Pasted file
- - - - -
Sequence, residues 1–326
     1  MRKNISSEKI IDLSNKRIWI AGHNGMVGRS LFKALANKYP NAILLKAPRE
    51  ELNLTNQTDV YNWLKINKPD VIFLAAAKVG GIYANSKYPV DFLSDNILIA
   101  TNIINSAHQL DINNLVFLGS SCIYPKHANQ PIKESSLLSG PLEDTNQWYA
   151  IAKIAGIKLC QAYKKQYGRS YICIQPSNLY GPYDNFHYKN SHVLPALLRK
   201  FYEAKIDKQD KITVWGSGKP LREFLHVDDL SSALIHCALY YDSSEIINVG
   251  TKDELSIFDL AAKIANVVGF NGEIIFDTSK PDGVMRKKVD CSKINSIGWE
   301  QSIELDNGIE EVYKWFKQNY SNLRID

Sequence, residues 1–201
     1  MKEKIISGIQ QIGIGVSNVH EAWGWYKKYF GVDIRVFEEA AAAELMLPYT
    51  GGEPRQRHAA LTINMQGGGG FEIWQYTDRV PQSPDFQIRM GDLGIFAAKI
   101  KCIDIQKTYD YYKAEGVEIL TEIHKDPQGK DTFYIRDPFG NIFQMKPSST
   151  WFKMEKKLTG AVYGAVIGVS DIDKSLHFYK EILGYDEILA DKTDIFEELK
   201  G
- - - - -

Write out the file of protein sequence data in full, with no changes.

Sequence, residues 1–326
     1  MRKNISSEKI IDLSNKRIWI AGHNGMVGRS LFKALANKYP NAILLKAPRE
    51  ELNLTNQTDV YNWLKINKPD VIFLAAAKVG GIYANSKYPV DFLSDNILIA
   101  TNIINSAHQL DINNLVFLGS SCIYPKHANQ PIKESSLLSG PLEDTNQWYA
   151  IAKIAGIKLC QAYKKQYGRS YICIQPSNLY GPYDNFHYKN SHVLPALLRK
   201  FYEAKIDKQD KITVWGSGKP LREFLHVDDL SSALIHCALY YDSSEIINVG
   251  TKDELSIFDL AAKIANVVGF NGEIIFDTSK PDGVMRKKVD CSKINSIGWE
   301  QSIELDNGIE EVYKWFKQNY SNLRID

Sequence, residues 1–201
     1  MKEKIISGIQ QIGIGVSNVH EAWGWYKKYF GVDIRVFEEA AAAELMLPYT
    51  GGEPRQRHAA LTINMQGGGG FEIWQYTDRV PQSPDFQIRM GDLGIFAAKI
   101  KCIDIQKTYD YYKAEGVEIL TEIHKDPQGK DTFYIRDPFG NIFQMKPSST
   151  WFKMEKKLTG AVYGAVIGVS DIDKSLHFYK EILGYDEILA DKTDIFEELK
   201  G